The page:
On the other hand, it is interesting to note that the apparent lower and upper envelopes that are seen in Figs. 2 and 3 might be produced by a natural range in the sizes of the gas component. In Fig. 2, we traced two lines by hypothesis, that represent gas extensions of 10 and 100 kpc. Most of the galaxies seem to be located between these lines. A few galaxies lie outside the lines, having HI extensions smaller or greater than the values quoted previously. But we are dealing with tentative lines, with a parameter (the linear diameter) that depends strongly on the distance and its errors. The best example for the last remark is Leo A, which is the galaxy most detached from the lower established limit, but also has the most uncertain distance.
Figure 4 shows the distribution of the ratio among the different morphological types. Despite the fact that the sample comprises a variety of morphologies, the present data show no dependence of the relative gas extension on the type. This result is similar to those obtained by Krumm & Salpeter (1979), Bosma (1981) and Hewitt et al. (1983). As many early as late-type galaxies have a wide range of extensions of gas. Nevertheless, the values of for a few galaxies support the usual belief that Irregulars have very large HI envelopes, while the gas in late-type galaxies lies, at most, up to the edge of the optical extension. As can be seen in Fig. 4, three galaxies have HI extensions quite lower than the optical. These are early-type galaxies. Also, the largest relative HI extension belongs to an Irregular galaxy.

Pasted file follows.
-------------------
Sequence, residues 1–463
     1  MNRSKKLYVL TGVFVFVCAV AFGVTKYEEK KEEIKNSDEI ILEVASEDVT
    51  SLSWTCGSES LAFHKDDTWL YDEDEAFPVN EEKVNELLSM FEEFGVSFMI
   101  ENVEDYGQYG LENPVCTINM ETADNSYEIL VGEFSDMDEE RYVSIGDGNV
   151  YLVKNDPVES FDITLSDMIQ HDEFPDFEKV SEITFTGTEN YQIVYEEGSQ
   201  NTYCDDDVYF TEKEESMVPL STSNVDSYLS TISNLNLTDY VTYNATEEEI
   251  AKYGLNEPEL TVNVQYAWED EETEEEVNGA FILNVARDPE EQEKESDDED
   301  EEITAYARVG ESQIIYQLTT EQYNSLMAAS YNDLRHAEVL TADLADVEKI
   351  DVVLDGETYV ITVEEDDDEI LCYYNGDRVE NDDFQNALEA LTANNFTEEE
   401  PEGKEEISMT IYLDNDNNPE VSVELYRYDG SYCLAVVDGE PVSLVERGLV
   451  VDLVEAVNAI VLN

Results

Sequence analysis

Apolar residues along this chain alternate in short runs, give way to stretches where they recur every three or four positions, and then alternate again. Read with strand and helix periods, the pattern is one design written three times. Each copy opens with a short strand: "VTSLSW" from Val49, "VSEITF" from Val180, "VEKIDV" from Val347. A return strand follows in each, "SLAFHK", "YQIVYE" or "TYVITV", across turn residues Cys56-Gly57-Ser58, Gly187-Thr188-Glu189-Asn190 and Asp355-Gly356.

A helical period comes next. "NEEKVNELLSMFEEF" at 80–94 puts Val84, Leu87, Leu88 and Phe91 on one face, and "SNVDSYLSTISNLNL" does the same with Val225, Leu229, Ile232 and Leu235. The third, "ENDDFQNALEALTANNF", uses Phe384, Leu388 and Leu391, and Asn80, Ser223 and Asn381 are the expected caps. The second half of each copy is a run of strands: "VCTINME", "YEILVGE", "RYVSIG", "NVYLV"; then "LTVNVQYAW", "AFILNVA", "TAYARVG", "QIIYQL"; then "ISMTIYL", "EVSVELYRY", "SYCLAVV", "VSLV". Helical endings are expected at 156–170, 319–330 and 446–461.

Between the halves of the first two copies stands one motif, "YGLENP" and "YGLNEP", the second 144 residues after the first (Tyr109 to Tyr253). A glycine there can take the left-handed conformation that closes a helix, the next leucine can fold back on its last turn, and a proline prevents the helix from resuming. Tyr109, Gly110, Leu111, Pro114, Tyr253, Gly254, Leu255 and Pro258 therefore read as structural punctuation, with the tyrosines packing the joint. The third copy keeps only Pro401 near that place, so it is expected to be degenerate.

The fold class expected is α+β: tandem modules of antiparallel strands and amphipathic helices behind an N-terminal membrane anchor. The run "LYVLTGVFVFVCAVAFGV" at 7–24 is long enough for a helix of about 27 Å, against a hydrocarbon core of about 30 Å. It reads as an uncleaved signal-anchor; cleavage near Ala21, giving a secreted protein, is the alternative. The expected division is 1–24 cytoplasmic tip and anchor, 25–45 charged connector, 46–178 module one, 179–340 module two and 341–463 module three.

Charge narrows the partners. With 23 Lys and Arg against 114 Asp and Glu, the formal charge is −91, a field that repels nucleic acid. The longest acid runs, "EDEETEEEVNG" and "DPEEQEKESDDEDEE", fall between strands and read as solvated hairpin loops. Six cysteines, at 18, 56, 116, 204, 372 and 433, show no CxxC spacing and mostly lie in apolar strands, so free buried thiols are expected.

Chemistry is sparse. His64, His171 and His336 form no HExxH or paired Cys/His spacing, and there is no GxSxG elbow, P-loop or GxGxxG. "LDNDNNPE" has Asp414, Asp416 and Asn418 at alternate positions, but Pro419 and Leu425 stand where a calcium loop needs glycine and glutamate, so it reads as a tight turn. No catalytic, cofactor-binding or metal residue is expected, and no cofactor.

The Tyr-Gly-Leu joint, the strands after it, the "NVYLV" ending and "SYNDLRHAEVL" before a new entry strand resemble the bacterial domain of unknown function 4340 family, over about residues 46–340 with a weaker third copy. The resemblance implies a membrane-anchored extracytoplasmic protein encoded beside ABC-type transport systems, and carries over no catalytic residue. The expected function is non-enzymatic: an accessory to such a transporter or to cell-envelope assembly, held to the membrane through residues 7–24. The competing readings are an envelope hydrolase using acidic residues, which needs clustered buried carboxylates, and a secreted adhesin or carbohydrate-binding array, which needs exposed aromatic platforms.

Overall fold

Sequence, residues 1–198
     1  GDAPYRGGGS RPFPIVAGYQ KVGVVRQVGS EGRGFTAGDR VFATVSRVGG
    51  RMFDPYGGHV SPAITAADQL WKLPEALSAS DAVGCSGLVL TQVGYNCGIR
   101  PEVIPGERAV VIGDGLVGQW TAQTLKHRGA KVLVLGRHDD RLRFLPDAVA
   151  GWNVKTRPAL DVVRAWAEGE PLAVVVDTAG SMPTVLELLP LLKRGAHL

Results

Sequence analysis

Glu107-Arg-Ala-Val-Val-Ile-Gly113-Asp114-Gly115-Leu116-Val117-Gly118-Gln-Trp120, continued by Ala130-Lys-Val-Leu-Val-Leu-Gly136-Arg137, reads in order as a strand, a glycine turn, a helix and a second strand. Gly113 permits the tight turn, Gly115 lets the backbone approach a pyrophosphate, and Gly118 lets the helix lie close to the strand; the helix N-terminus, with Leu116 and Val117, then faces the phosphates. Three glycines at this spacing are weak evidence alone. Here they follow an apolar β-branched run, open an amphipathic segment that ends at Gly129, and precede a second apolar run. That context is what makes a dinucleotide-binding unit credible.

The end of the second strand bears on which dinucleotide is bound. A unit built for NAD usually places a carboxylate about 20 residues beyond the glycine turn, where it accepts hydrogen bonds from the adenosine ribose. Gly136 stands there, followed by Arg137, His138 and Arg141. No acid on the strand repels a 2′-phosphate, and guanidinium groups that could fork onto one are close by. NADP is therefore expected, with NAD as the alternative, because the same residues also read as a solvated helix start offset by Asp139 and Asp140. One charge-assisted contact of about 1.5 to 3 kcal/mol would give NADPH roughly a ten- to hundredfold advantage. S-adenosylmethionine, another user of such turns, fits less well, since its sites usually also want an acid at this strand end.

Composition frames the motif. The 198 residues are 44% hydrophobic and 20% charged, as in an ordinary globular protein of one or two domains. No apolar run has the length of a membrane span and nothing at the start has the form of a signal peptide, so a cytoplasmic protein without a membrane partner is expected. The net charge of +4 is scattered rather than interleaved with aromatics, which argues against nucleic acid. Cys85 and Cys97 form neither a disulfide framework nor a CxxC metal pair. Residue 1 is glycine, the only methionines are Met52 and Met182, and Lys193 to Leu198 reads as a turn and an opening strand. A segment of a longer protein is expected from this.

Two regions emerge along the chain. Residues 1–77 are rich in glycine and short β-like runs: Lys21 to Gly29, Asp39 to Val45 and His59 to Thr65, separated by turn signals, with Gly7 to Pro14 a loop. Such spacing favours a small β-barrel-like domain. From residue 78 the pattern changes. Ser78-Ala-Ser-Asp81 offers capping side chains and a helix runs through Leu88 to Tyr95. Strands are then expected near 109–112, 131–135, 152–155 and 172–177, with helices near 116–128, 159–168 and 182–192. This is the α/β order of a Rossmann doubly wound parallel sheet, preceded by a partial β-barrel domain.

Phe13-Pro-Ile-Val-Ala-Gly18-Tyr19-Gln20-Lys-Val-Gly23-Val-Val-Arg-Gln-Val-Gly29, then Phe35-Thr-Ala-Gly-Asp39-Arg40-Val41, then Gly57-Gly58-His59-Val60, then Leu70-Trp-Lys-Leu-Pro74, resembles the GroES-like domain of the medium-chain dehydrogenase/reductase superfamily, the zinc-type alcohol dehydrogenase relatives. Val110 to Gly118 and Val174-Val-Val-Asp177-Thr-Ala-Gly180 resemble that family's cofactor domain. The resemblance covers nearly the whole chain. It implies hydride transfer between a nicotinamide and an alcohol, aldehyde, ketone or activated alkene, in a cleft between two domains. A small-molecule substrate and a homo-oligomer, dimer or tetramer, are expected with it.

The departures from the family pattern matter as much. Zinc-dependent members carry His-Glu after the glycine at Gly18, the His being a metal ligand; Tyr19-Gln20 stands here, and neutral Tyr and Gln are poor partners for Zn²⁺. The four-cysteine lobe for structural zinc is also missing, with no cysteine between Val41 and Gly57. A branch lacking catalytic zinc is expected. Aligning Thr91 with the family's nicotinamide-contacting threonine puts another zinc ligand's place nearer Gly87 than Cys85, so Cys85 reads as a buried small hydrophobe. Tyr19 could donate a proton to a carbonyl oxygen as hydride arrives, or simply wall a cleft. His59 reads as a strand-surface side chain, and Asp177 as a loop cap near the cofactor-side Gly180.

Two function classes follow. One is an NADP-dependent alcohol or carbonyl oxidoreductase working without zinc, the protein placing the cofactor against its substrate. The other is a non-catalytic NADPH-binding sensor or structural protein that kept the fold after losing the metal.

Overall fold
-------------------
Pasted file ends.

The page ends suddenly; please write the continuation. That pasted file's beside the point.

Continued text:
Figure 5 displays the apparent density of HI, independent of
distance, versus the relative gas extension, also distance-independent. The
HI density is apparent, because we are supposing that the gas is kept in
the optical extension. If the real HI density is approximately the same for
all the galaxies, then an increase of the gas extension beyond the optical
size means an increase of the gaseous mass, and thus the apparent density.
This built-in relationship is displayed in Fig. 5. Despite this
dependence being known, we consider it interesting to derive the expression that
relates the parameters. So, we can approach the value of the gas
extension by means of the apparent HI density, which can be calculated only
by an integral profile. A mean least squares fit yields:
with a correlation coefficient of 0.85.